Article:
Despite the financial crisis that has engulfed both Wall Street and Main Street, the demand for skilled accountants during tax season remains as strong as ever."Firms continue to hire skilled accountants and they continue to be in short supply," explained Jon Zion, president of eastern U.S. operations for Robert Half Finance & Accounting. "The unemployment rate for highly skilled finance and accounting professionals is 2.5 percent, while the overall unemployment rate is over 6 percent."

That's why a firm looking to hire additional help for tax season needs to begin early, according to Zion.

"Now is the time to be out there and have a strategy in place," he said. "You need to start early and take a look at your staffing patterns from last season. Identify where you need additional personnel or hard-to-find specialists, and how many are full-time and how many are temporary. Since the competition for people is especially high in the tax area, you have to get out and lock people in early."

Glen Dubiel, vice president for professional services at staffing concern Spherion, agreed: "The demographics for tax pros make it difficult to recruit. There still aren't enough college grads that want to go into this area."

Events during the past few years generated a pull away from tax toward more regulatory services as a result of Sarbanes-Oxley and other legislation, Dubiel noted: "But that's pretty much done. There aren't so many distractions now, so tax might now be more in fashion."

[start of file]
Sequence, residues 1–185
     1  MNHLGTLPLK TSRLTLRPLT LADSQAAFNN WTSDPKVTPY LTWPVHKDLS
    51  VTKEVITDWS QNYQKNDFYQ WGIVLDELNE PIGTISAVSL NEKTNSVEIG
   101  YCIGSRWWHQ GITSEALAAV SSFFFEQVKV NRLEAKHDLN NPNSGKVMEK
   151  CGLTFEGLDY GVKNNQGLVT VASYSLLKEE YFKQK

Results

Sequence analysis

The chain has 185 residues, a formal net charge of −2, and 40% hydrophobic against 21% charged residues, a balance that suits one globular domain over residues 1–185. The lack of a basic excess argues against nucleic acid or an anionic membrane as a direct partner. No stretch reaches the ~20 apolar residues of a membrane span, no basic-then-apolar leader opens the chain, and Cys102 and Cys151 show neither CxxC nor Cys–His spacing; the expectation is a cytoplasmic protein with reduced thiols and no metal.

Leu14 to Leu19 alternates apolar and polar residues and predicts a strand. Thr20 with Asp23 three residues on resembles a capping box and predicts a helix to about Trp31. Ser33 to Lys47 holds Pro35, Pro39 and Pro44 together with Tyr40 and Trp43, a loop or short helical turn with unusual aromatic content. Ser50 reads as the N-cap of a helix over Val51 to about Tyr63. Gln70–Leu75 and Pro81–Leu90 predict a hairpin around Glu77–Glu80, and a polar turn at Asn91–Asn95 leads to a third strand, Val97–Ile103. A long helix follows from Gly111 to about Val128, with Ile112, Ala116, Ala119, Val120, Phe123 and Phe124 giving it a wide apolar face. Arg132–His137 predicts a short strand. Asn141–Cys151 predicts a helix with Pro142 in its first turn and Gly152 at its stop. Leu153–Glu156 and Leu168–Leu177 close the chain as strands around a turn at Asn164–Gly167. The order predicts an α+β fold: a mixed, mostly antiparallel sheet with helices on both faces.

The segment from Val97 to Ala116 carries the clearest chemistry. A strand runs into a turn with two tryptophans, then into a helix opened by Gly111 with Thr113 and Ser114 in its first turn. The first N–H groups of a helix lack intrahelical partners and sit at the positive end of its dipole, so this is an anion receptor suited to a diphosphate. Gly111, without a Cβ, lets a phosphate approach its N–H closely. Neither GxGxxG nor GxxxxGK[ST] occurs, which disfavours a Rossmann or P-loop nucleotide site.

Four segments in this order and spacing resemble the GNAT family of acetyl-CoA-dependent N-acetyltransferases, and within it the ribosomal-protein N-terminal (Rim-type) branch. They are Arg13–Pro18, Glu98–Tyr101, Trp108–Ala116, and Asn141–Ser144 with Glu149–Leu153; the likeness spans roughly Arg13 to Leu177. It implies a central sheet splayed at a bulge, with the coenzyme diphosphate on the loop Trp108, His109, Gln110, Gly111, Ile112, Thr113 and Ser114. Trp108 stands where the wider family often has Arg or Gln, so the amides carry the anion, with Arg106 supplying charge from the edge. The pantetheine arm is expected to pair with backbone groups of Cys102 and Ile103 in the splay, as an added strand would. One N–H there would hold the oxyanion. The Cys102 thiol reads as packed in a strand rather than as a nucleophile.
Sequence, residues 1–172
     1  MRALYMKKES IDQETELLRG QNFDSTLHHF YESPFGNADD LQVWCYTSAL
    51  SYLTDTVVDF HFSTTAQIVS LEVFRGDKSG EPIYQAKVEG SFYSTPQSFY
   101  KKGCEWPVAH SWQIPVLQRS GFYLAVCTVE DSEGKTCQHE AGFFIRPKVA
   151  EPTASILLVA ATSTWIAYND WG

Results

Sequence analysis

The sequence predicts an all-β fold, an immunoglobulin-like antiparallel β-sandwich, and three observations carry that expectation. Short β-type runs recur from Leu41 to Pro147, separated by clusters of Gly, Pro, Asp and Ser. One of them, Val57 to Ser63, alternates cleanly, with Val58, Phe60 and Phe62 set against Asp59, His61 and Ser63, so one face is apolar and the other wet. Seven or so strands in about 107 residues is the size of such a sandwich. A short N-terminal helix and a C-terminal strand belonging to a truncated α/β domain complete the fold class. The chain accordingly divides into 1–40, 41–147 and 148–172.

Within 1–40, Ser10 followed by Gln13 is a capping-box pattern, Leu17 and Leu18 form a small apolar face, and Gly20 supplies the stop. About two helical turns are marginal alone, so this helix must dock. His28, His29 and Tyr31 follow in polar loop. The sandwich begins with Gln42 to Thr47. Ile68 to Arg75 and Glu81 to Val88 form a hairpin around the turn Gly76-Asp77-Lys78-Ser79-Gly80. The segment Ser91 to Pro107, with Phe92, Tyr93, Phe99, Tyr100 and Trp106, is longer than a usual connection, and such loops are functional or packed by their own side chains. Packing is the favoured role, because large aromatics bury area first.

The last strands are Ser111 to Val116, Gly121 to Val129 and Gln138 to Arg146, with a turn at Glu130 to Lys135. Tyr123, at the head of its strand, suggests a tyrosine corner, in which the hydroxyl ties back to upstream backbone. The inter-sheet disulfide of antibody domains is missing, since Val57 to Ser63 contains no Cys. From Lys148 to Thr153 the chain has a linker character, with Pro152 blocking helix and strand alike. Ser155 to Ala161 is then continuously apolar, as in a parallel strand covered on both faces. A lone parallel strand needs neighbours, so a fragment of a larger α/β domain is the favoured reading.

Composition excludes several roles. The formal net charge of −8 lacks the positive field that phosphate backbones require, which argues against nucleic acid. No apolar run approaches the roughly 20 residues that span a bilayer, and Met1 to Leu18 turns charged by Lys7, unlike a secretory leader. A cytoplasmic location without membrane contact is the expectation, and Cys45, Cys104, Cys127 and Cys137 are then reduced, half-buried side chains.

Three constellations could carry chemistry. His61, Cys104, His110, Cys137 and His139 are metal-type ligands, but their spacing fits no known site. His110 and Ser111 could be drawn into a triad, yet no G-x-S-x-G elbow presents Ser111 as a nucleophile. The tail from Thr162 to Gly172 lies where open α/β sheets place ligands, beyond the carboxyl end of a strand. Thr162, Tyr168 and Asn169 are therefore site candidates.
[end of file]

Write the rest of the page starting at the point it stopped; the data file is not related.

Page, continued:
Jim Mack, vice president of Kelly Financial Resources, also noted the difference between the general unemployment rate and the unemployment rate for finance and accounting professionals. "The pool is a lot tighter than people realize," he said. "There was a college drop-off four or five years ago, so now there's a gap of qualified people with four or five years' experience. Baby Boomers are beginning to retire as well, so anyone looking to hire someone on a temporary basis has to make a decision quickly. The potential hires out there have more than one opportunity."

"Moreover," Mack continued, "you have to be realistic about your pay scale, especially in tax. Be prepared to pay more of a premium because of the shortage. Someone with four years' experience can demand pretty high pay."

"Most accounting candidates will want to get into a full-time position," he said, "And you need to be candid. Be prepared to lose a candidate if there's not a possibility of a full-time position down the road."

Zion offered a different take: "It's become part of human resource strategy to hire a growing percent of the professional workforce on a temporary contract basis," he said. "Especially in the public accounting sector, I would urge firms to expand in that area, because there's a whole generation of people in the tax and accounting area that don't want to work on a full-time basis anymore. They enjoy working on a contract or temporary basis, and learning about new companies."

"It started in the information technology area, where there's a whole workforce of people working on a temporary basis that have no interest in ever working on a permanent basis," he said. "That attitude has migrated into the accounting area. The old notion that if someone is working on a temporary basis they're not qualified is part of the distant past. In many cases, they're equally or better-qualified, and you have the advantage of dealing with a variable, rather than a fixed, cost."